Emily Barker: ‘I like hearing the realness of it’


Having been fans of Emily Barker for some time (since 2007 to be precise), Shire Folk was pleased to finally catch up with her, quite literally on the eve of her latest release – a collaborative effort with US musicians Amy Speace and Amber Rubarth called Applewood Road. First we asked how the whole thing came into being …


SF: The coming together of yourself, Amber and Amy as Applewood Road, was that serendipity or good planning?


Emily Barker

EB: It was serendipity actually. I was reaching out to various friends that I knew had spent some time in Nashville. I was heading out there for the first time with Bob Harris’s BBC Introducing – they were doing this stage at a festival called Americana Music Association festival. Various people kept on mentioning Amy Speace, so I thought, OK, I better meet with this Amy Speace. We met and got along really well and I asked her about other people I could write with and she called up her friend Amber Rubarth, who lived just around the corner from this café where we were. Amber popped down and the three of us had coffee together and we got along really well, so I said ‘Why don’t the three of us do a writing session together?’ and the girls both agreed. So we went back to Amy’s house and we wrote the ‘Applewood Road’ song in a couple of hours.

We decided while I was in Nashville we should record the song, so that we could all take it home and release it to our fanbases – online or whatever. We went to this studio called Welcome to 1979 and recorded it all live to tape around one microphone and we loved the whole experience. Everybody that we showed that track to said you can’t just do one song and that’s it, you have to do more. So we listened to our friends and we decided to write some more and make a record together.

SF: And it’s really paid off. The songs are roughly split between the three of you; how did you decide what to include and what leave out?

EB:We hadn’t decided until we met up. We did that one song together in September and then we got together in March to record the album and between us we’d written about 24 or 25 songs. The day that I’d arrived in Nashville … we basically had eight days to choose the songs, arrange the songs and make the album! So we had four days of choosing, arranging and rehearsing and then we had four days of making the album. Very quick, but because we already had the ‘Applewood Road’ song as a bit of a blueprint we chose songs that seemed to fit in that vein.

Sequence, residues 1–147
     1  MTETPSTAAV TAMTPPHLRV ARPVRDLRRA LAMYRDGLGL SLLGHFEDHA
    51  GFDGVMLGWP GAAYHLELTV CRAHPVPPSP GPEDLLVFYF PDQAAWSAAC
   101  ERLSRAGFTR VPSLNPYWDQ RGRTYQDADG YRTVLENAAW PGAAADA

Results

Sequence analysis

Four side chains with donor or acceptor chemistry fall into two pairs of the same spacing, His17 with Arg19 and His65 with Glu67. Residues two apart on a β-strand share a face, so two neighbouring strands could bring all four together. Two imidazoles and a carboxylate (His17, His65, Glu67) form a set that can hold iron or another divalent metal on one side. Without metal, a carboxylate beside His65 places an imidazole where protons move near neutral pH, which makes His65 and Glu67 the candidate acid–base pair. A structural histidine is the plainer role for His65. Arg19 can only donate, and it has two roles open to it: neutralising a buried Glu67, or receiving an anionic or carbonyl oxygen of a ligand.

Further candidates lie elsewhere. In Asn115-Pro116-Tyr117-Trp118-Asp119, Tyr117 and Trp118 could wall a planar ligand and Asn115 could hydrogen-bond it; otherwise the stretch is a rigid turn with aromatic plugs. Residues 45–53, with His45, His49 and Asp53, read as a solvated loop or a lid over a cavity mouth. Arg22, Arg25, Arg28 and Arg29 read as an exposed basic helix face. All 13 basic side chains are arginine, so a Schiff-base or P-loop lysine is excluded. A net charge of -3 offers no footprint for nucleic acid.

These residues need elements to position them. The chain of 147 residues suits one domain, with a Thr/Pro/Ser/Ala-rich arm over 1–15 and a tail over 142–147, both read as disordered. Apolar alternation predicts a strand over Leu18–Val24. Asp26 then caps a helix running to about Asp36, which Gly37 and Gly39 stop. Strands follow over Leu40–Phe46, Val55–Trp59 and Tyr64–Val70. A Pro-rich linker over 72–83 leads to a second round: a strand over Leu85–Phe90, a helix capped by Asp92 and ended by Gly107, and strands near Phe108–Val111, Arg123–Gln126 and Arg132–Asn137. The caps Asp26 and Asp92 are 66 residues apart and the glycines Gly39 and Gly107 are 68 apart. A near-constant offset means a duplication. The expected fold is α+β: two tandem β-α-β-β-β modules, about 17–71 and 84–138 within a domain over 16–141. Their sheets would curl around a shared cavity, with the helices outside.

SF: You’ve increasingly chosen that sort of recording method with the Toerag Sessions, and the last EP that you did with the Red Clay Halo was all recorded live and direct to tape wasn’t it?

EB:Yeah. Prior to the EP I hadn’t done any website, but I’d always been interested in doing it and I think it’s something that once you begin it’s quite hard to come back from. I wouldn’t use it for everything. For instance, the Hector film score that I wrote, that wouldn’t have worked doing it analogue. Well it would potentially, but it was a lot easier and more budget efficient to do it digitally. In terms of making an album or an EP there’s something about recording live to tape that you can’t capture digitally. You can edit tape, but I like the philosophy of trying to get a great live recording, whether that’s on your own or with other people because it’s really like a photograph then – unique and of that moment. It’s a documentary of that place in time and people and combination of what was happening and I think there’s so many ways that you can perfect that if you’re working digitally. I like hearing the realness of it, I guess.